By keeping your level (and eventually, your gear) static, you are able to deeply understand the abilities your character possesses, and play them to their full potential.

Endgame characters are similar to twinks in that you spend a lot of time learning how a class operates at the endgame, but there are some differences:

  • The gear available to you will constantly change. As time goes on, better and better gear will be released, and no matter where you are on the raiding/PvP tree, your gear will improve over the course of an expansion. This usually represents an increase in power, not playstyle, but it does require some adjustment.
  • Your class abilities will change. Nerfs and buffs happen, often. Spells and glyphs get redesigned, or removed. These changes often affect endgame play more than lower levels, because they’re designed to affect endgame balance.
  • There is more theorycrafting available for endgame characters than leveling characters, so there is less need to figure it all out on your own. You can learn to play a spec effectively by following a guide.

These differences between endgame toons and twinks are pretty small, and the first two come in intervals that leave plenty of time to learn how things work before they change again. You have time to get your UI and macros set up the way you want them, configure Power Auras and NeedToKnow to display the right information, to understand how different talents and abilities interact and work.

But if you stop playing for a while, your class can change underneath you, sometimes dramatically. I played my Death Knight only occasionally in the later days of Wrath, and I found the constant changes to be difficult to cope with. The transition to Cataclysm actually helped me a bit, because I was able to jettison my thought that I should understand the class and instead approach it fresh; but I still struggle with him. Guides have helped, but there is still a sense of discomfort whenever I leave the Frost 2H playstyle – because that’s how I learned to DK, as a level 59 PvP twink.

You also have to play relatively often to stay current on an endgame character’s gear – what is good gear for one raid tier or PvP season will be insufficient later on. Generally, once you’ve geared up for specific PvE content, you stay geared for that content, but new content will need new gear. PvP is an arms race, so if you skip a season, you will be facing better geared opponents, and suffer accordingly.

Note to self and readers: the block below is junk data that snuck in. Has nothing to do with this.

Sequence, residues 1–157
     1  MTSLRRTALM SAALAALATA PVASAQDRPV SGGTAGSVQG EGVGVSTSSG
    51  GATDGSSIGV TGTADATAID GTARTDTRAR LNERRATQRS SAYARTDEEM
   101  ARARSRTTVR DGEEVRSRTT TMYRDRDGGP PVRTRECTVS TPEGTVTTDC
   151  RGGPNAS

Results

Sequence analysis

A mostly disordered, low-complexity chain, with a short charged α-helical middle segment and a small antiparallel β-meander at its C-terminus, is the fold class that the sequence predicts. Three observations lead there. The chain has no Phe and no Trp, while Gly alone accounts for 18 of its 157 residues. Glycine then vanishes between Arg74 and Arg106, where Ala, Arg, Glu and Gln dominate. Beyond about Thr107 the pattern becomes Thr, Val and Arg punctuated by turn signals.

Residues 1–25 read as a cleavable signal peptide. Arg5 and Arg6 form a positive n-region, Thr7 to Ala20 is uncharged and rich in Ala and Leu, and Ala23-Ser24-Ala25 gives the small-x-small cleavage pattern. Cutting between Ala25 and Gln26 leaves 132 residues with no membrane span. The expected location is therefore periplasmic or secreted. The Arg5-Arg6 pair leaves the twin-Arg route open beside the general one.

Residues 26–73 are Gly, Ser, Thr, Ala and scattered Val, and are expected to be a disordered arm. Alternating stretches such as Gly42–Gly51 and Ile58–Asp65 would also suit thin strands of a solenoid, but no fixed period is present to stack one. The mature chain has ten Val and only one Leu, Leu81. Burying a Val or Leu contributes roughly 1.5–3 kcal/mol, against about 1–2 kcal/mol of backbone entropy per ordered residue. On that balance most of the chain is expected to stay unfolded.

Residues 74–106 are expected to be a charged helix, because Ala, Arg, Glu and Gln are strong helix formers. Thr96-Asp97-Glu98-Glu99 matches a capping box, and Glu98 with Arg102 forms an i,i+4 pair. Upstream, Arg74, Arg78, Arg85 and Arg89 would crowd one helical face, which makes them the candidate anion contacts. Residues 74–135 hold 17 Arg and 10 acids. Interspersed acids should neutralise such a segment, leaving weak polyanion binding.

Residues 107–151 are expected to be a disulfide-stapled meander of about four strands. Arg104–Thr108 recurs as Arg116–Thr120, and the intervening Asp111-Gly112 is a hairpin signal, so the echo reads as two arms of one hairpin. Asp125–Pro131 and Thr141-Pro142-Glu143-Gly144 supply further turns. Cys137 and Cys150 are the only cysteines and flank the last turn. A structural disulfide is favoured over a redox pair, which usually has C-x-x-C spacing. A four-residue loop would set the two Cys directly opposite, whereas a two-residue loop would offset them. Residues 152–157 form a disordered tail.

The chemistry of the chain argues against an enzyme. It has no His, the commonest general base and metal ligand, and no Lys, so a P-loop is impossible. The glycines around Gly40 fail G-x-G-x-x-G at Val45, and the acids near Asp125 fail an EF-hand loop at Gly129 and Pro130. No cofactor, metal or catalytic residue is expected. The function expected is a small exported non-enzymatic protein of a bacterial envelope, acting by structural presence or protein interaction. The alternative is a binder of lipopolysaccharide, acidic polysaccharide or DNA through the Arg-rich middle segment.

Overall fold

The last point I made above, that the ready availability of guidance on how to play a spec at the endgame makes you less likely to really master it, is one I wrestle with. You can excel in doing something without understanding all of it. I’ve seen this in many different aspects of my own life, in sports, in technology, in science, and even in video games – performance and understanding are related, but not dependent, variables. But I also think if you pick a spec up at the endgame,  you’re less likely to fully master it than if you leveled with it. That’s not to say you can’t excel at it, just that you’re not going to understand it as well as someone who leveled with it. There’s a knowledge base gained through learning how to do something yourself, of what works and what doesn’t work, that you can’t completely replicate with a guide or manual.

And yet… knowing how to level in a given spec doesn’t mean you’ll know how to play the spec at endgame. It doesn’t mean you’ll know how to squeeze out the last bit of DPS, tank a raid boss, or heal a heroic dungeon. Leveling is not as rigorous an activity as most endgame pursuits. Specs play differently at endgame than earlier. Knowing how to tank Ragefire Chasm like a pro doesn’t mean you’re ready to tank Cho’gall.

But it might help you be a better play of the class, overall.

WHY EXPERIENCE IN BATTLEGROUNDS IS BAD

I have a working theory about why I like playing my warlock so much.

Cynwise was one of a field of 10 characters I rolled when I first started playing. She was the one I got to 20 first, which still took a long time. She’s the one I explored with, she’s the one I learned not just the warlock class, but the game with. After a while, I deleted all those characters except ‘wise and my banker and got on with the business of leveling.

In retrospect, I was not very good at leveling. I was not a very good player, to be honest, but that was fine – I was learning how the game worked. I had sworn off PvP, because that shit is just scary, and I didn’t run dungeons, so I just quested and tried to make sense of WTF I was supposed to do. It was fun.

At level 51, and to this day I don’t know why I did it, but I queued up for a battleground. It was Alterac Valley, and it was exhilarating. We won. And I was hooked.

I eventually figured out that I would do better if I leveled up to 58 or 59, which I did relatively quickly, and then I set about playing battlegrounds full-time. This was before battlegrounds awarded experience, and only AV awarded a pittance for the deaths of NPCs, so it was pretty safe to stay in a bracket and PvP as much as you wanted.